Visitors and residents of cities that rely heavily on public transportation and walking are burdened by their bags and luggage. It’s not easy for them to enjoy the city. I experienced this problem myself when I was lugging my gym bag from meeting to meeting and needed some place to leave it for a while. I learned quickly that there was unused space in retail stores and business owners were willing to store it for a fee. I subsequently learned that they would also like the additional walk-in business. That’s when the idea for StoreMe came to me, and I was sure that an Uber/Airbnb-type mobile app would solve the problem—and it has.
What do you envision for the future of on-demand luggage and bag storage? What are you hoping to see for StoreMe in the next year?
I think the sky's the limit for this market. StoreMe is already in New York, Boston, Washington D.C. and Philadelphia, and other cities are on the horizon. We hope to expand soon to Chicago, San Francisco and other markets quickly. I expect that with increasing market awareness, customers will use StoreMe on a regular basis and plan the days and trips recognizing that they have this convenient service. Right now, customers can drop off their items at many retail stores around a city. We anticipate that delivery will become a third leg of our business model.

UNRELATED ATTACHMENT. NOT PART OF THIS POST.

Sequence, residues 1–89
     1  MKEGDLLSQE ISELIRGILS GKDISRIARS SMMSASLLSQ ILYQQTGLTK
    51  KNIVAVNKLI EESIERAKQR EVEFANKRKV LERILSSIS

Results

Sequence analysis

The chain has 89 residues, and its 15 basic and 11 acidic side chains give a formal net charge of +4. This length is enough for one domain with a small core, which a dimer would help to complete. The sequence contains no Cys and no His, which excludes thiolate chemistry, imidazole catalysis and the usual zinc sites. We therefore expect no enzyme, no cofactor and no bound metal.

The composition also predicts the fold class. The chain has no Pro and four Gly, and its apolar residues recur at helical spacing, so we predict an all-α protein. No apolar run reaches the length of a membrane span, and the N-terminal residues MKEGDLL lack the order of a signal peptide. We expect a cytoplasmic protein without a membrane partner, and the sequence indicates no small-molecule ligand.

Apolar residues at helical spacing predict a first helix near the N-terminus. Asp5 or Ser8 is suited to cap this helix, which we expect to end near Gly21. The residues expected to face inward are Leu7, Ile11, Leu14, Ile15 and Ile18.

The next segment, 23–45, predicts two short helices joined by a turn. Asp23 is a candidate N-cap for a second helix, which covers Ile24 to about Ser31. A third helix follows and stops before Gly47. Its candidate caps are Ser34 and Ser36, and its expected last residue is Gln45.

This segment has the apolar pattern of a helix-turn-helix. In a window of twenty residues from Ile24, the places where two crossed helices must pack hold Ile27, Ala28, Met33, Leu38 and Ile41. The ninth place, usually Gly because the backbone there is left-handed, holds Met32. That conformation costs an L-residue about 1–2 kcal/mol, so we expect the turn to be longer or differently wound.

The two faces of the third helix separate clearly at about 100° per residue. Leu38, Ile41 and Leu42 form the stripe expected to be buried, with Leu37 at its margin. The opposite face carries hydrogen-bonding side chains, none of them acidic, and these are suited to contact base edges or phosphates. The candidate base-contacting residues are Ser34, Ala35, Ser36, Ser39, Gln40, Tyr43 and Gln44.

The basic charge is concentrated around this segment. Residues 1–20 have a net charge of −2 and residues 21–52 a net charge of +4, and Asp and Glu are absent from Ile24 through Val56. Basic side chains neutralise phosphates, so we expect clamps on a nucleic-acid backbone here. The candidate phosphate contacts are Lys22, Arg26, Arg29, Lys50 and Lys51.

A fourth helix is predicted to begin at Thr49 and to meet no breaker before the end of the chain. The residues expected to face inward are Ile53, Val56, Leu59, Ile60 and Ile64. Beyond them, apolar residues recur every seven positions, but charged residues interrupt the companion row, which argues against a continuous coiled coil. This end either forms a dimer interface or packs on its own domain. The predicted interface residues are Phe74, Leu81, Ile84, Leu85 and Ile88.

How can StoreMe be used in businesses, specifically flex, coworking or shared workspaces?
One of our retail partners is Cove, a coworking space in Washington D.C., which is strategically located next to a bus drop-off location in the city. It’s been a great way to monetize unused space and marketing awareness for them. As the industry evolves, I think more coworking spaces will catch on to the service.
Why do hosts want to be part of the StoreMe network?
Most hosts like the way StoreMe monetizes underutilized space and brings them more foot traffic and potential business. As one host put it: “Doesn’t really cost me anything, I’m getting some extra cash and maybe a new customer.” They also appreciate that their businesses are advertised on the website and mobile app and not masked until a customer has made a reservation and shows up at their door. Hosts range from variety stores, visitor centers, restaurants, hotels, boutique clothing, various novelty shops, to small retail stores. They like StoreMe’s web-based administrative platform that allows them to manage their storage inventory and available space. This system facilitates the check-in and check-out process seamlessly and there’s an inventory management system to control storage capacity at one time. This system also provides security and comfort to StoreMe customers that locations have enough capacity when they show up.
Tell us about your business model.
The business model is simple. StoreMe currently generates revenue from each storage transaction. StoreMe’s currently has a 40/60 percent split with our hosts. Eventually, StoreMe also expects to take a percentage of revenue from delivery, subscription fees for host analytics, percentage of host sales to StoreMe customers and advertising revenue.